The last superstition, when asked about post-game, he declared that they had come through for him with stops in that particular game. The goalie rituals move to the even odder. One of the ultimate goalies, Ken Dryden, always had to make one last save before leaving the ice.
Eddie, “The Eagle” Belfour, refused to let anyone else touch his goalie equipment. He even went so far as to disassemble a glove if he felt he had let in a wrong goal. And while that may seem strange, I don’t think anything can beat the following superstition.
Another legendary goalie, Glenn Hall, would vomit before a game. He felt he wasn’t giving his team his all if he didn’t do it. On game day, he only ate because he had to; he would throw up at the rink. And if that didn’t do the trick, he would turn down a glass of water to have something to bring back up.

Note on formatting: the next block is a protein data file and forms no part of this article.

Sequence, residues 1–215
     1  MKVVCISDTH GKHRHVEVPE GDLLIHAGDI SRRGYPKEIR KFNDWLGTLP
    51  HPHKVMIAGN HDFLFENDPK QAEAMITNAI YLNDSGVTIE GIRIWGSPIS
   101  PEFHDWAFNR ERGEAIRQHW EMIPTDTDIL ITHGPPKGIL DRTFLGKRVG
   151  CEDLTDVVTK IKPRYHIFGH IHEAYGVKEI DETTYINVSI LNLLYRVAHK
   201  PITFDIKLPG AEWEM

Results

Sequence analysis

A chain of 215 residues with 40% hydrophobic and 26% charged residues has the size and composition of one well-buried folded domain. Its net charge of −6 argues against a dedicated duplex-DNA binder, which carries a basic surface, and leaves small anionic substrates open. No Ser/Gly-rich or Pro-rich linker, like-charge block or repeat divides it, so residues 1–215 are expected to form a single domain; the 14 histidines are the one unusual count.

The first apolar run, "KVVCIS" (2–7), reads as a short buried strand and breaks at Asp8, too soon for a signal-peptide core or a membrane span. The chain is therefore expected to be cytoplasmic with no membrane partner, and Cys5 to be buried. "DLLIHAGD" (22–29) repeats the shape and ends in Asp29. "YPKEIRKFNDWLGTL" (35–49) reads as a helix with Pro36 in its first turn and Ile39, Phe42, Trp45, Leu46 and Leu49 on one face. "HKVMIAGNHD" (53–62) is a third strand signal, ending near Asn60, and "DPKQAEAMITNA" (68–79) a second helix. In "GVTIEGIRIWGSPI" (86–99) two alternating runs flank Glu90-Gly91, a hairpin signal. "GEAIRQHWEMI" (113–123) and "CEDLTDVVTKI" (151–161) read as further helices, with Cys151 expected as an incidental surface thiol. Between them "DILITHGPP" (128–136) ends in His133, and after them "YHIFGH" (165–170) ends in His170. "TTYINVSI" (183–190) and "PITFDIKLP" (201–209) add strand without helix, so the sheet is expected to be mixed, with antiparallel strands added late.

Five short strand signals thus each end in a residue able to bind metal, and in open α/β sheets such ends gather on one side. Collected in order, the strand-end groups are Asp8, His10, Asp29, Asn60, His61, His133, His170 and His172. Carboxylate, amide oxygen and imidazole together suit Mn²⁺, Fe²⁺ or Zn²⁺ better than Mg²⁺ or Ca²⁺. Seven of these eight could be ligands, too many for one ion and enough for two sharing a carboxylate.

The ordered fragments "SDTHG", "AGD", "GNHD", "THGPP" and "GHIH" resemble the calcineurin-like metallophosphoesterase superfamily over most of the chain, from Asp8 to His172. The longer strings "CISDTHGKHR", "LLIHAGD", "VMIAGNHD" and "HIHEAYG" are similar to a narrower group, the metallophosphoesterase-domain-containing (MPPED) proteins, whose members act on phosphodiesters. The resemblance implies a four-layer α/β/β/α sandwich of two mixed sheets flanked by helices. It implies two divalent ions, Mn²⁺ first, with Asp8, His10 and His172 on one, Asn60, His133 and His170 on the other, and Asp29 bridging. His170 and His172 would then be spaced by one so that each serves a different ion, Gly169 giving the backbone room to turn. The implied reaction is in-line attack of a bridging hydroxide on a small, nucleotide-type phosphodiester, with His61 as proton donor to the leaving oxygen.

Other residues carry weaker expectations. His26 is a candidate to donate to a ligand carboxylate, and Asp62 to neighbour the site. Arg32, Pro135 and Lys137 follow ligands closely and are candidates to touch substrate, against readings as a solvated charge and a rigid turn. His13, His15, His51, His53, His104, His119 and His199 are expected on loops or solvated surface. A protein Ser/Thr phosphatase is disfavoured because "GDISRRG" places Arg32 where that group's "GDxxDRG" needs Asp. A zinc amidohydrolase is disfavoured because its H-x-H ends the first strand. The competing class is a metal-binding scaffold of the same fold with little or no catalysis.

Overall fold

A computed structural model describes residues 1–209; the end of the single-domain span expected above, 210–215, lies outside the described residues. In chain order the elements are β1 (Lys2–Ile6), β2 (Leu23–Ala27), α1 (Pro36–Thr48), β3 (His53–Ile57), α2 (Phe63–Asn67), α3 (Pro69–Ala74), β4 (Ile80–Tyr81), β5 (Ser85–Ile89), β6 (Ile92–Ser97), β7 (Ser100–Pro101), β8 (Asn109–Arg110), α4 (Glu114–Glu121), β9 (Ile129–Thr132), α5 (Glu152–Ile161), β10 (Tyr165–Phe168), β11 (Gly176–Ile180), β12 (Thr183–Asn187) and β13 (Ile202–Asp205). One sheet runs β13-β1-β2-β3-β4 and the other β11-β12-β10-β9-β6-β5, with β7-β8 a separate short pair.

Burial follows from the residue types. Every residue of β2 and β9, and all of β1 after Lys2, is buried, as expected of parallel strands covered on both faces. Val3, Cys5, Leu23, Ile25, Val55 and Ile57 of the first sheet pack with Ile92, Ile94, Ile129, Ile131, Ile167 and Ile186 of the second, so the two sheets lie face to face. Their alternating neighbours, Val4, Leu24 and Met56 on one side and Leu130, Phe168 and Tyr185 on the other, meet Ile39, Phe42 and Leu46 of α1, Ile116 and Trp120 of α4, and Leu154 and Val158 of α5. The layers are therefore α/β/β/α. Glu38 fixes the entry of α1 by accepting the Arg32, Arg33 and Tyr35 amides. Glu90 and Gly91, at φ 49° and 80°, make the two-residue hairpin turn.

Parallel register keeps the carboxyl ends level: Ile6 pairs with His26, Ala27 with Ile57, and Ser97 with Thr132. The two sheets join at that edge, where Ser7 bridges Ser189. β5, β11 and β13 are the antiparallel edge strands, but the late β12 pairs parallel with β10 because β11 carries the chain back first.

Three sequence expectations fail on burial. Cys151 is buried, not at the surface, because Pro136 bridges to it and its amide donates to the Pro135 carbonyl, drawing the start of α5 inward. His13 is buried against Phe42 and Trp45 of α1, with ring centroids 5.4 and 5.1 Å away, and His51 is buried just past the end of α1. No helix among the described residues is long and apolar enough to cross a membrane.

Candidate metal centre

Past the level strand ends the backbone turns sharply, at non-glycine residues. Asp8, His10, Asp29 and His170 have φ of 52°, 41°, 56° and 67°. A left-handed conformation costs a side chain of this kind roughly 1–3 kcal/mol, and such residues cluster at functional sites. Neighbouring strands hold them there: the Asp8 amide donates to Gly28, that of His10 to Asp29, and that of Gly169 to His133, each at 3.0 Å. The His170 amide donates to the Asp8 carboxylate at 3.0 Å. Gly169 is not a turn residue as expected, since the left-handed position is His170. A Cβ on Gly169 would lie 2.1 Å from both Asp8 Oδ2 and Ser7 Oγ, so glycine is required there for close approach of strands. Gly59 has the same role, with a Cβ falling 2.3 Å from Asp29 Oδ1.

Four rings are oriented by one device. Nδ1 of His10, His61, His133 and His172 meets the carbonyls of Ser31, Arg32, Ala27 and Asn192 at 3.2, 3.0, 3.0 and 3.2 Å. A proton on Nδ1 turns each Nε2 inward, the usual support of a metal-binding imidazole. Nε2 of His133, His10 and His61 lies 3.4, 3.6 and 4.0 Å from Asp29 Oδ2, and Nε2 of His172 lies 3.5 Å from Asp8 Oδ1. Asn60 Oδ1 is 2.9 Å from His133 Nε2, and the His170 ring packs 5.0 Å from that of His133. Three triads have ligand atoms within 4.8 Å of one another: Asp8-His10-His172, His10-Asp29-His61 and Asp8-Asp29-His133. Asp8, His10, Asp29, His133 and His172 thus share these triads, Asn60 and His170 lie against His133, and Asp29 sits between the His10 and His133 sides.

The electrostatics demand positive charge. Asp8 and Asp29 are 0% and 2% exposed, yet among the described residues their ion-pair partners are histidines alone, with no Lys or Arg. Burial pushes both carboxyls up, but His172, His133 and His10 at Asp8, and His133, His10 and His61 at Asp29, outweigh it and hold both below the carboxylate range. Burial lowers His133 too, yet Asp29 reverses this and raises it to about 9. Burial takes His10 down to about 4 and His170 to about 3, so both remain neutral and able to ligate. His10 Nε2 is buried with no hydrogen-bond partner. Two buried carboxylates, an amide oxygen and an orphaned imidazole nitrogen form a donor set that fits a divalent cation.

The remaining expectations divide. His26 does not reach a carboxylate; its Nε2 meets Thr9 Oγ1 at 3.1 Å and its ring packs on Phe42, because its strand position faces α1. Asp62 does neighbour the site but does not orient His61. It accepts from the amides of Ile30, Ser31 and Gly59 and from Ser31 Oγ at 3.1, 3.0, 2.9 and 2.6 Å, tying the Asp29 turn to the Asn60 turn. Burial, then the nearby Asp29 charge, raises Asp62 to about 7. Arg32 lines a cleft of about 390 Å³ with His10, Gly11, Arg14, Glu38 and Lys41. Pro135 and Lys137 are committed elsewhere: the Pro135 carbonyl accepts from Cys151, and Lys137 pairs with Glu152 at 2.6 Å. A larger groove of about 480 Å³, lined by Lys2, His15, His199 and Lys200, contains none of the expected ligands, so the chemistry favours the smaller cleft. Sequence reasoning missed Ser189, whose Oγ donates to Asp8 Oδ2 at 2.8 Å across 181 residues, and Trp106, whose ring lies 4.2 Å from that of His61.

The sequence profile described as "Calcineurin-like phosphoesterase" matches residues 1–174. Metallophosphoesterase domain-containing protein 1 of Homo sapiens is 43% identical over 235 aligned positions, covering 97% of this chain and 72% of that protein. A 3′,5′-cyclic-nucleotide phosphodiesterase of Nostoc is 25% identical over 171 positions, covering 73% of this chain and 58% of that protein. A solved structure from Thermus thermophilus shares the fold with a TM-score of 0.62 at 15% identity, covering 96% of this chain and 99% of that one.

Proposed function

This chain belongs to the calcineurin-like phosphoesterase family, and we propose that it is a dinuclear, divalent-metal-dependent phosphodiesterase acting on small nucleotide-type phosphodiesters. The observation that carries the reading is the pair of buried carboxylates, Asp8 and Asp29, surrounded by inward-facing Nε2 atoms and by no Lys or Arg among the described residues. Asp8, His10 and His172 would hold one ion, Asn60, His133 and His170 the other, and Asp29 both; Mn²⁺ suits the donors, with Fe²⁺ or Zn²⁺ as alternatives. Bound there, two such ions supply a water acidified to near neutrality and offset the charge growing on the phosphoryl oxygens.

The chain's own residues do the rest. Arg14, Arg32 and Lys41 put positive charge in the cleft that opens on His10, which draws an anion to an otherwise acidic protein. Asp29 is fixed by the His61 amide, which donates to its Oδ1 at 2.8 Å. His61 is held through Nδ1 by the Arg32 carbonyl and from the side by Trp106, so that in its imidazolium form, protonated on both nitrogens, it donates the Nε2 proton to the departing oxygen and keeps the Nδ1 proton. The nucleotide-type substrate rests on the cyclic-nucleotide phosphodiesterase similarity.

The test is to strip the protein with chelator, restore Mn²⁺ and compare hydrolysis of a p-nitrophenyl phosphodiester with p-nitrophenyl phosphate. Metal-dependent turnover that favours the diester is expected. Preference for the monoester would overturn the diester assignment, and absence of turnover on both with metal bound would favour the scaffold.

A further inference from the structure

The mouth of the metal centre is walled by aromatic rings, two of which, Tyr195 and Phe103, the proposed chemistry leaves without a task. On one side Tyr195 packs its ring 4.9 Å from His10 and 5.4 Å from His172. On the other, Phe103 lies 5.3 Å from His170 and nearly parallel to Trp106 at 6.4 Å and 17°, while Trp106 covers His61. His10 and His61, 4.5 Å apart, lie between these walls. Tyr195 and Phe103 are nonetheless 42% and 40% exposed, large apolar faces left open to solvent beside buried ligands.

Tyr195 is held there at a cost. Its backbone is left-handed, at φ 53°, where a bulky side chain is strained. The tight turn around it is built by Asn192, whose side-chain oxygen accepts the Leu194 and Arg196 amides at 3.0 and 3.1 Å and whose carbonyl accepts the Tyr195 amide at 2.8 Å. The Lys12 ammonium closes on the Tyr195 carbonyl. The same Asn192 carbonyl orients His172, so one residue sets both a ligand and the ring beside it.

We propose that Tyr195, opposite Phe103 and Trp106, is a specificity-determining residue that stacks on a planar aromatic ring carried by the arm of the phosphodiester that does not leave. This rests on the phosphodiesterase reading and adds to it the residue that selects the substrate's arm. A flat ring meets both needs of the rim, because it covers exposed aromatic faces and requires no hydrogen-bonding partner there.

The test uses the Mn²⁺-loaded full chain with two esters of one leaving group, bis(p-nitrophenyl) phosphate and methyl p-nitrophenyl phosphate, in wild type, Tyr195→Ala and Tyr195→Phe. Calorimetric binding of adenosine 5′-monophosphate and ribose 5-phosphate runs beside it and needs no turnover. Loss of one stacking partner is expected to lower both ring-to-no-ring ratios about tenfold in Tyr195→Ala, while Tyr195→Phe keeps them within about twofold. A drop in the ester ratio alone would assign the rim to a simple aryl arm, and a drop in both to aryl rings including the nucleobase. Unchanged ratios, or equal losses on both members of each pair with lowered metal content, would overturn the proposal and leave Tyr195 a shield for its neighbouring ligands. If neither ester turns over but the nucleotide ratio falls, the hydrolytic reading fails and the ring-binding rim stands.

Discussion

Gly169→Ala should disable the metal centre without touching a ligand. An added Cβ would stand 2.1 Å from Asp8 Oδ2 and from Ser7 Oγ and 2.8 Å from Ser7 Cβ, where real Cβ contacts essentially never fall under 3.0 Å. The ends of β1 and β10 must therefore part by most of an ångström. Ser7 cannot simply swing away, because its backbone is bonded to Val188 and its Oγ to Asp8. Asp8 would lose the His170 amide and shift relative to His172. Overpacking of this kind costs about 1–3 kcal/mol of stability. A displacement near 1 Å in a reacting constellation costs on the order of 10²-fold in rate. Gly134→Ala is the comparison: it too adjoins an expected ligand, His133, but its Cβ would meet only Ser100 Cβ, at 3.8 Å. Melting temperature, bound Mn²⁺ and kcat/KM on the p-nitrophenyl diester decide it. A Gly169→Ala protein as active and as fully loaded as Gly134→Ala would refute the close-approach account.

I don’t know about you, but learning some of the unique NHL pregame rituals and superstitions of players from all over put a smile on my face. Superstitions and rituals may seem crazy to others, but passion drives and connects us all. Let’s celebrate our pregame rituals for the love of the game, the team, and our favorite players.
By Danielle L’Ami
Danielle is a writer who lives in Canada and supports the Montreal Canadiens. Currently, you can find her setting up all of her Habs memorabilia just so. And she may or may not need to rub her Habs’ monkey’s stomach before each playoff game.